The shape of shrimp fishing, most specifically for coveted spots, aka prawns, in Washington inland waters will change in the coming year.
The Washington Fish and Wildlife Commission updated its policy setting allocation of this delectable resource this fall, shifting substantial percentages of the permissible annual harvest from the commercial to the personal use side of the non-treaty ledger.
That is likely to mean lengthening 2013 recreational openings in Marine Area 7.
COLUMBIA CHANGES COMING
A similar revamping of state's policies for management and exploitation of Columbia River salmon stocks also is in the works.
The Washington panel's Oregon counterpart precipitated the revisiting of these guidelines by making some changes of their own earlier this year to the Beaver State's doctrine for Columbia salmon and steelhead when they swim through its jurisdiction.
Both states have been reconciling and synchronizing policies and rules for Lower Columbia River fisheries for decades under the auspices of the Columbia Compact.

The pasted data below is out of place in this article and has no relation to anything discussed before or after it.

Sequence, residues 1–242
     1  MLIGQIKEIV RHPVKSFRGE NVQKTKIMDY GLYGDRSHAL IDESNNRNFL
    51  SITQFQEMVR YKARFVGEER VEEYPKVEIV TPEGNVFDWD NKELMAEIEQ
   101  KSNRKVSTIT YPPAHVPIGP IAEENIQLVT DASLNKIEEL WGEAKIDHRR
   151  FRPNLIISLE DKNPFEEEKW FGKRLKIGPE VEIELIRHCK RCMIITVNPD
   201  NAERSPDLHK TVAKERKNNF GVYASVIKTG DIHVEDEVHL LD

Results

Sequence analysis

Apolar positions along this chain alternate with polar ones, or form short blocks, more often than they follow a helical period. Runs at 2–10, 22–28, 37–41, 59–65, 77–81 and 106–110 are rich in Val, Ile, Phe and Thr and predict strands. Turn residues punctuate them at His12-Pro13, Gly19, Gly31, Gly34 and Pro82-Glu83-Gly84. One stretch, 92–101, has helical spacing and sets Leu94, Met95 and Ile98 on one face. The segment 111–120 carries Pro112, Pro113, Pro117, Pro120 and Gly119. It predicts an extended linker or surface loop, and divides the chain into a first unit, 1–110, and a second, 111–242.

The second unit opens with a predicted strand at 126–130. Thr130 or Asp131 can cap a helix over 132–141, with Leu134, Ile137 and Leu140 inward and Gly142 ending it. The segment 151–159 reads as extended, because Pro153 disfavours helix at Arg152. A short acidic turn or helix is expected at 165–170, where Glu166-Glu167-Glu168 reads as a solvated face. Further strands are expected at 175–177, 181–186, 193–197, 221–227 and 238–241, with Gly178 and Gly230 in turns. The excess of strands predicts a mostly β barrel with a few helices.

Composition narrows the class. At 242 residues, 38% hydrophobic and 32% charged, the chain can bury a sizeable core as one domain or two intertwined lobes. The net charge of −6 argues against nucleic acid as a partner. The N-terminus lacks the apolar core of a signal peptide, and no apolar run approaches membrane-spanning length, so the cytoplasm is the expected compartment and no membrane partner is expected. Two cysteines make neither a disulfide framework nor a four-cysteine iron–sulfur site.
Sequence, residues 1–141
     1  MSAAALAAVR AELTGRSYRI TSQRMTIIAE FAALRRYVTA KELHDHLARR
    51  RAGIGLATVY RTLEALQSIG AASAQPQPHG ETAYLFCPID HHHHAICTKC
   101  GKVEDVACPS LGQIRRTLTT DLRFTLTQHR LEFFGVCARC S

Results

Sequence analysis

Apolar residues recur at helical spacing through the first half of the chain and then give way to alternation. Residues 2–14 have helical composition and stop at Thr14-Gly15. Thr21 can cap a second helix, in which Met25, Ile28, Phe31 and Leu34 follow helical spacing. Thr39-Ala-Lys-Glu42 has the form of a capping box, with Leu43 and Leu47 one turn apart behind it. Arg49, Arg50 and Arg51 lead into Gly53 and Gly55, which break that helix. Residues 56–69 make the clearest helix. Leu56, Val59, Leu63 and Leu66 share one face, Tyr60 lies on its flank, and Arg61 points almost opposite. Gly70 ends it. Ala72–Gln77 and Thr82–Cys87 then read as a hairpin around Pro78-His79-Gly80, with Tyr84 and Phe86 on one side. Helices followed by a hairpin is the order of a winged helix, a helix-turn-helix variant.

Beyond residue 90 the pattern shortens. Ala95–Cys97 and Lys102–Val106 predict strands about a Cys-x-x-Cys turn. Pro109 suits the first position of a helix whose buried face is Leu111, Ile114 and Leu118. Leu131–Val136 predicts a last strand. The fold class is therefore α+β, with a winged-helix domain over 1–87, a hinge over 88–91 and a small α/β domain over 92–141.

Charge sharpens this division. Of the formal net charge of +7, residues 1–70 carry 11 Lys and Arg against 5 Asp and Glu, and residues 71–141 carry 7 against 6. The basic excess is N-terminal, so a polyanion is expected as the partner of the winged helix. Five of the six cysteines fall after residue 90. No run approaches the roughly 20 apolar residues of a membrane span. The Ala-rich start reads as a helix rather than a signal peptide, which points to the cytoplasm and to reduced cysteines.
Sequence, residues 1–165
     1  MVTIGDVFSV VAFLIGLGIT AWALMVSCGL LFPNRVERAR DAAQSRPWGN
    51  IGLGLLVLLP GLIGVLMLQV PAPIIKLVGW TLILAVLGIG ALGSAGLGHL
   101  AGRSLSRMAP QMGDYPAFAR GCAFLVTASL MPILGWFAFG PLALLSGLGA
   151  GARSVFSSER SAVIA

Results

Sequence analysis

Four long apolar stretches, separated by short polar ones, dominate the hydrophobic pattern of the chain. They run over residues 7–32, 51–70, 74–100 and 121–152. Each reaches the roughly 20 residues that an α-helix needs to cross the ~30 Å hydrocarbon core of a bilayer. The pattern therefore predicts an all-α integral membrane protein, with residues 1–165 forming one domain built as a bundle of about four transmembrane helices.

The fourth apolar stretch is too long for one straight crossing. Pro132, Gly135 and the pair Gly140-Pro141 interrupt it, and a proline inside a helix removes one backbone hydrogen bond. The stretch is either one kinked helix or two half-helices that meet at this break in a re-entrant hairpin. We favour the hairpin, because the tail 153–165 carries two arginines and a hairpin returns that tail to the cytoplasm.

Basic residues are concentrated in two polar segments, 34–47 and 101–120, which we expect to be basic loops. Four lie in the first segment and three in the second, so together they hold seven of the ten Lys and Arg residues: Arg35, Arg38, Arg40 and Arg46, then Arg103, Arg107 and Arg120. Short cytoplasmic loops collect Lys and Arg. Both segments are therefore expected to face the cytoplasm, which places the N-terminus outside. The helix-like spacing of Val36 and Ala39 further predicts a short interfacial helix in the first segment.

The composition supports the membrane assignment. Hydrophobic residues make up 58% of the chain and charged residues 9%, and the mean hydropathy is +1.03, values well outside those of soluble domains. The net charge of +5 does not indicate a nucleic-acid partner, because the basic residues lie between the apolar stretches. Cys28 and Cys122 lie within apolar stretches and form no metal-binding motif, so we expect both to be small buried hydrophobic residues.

Perhaps the most conspicuous of the proposed changes in Washington's set is the phasing out of fishing with gillnets by 2017.
For more details about the coming shrimp season as mandated by changes in policy and what's under consideration for the Columbia River plus more hunting and fishing news, read Sunday's Outdoors Column.
Doug Huddle, the Bellingham Herald's outdoors correspondent, since 1983, has written a weekly fishing and hunting column that appears Sundays. Read his blog and contact him at http://pblogs.bellinghamherald.com/outdoors.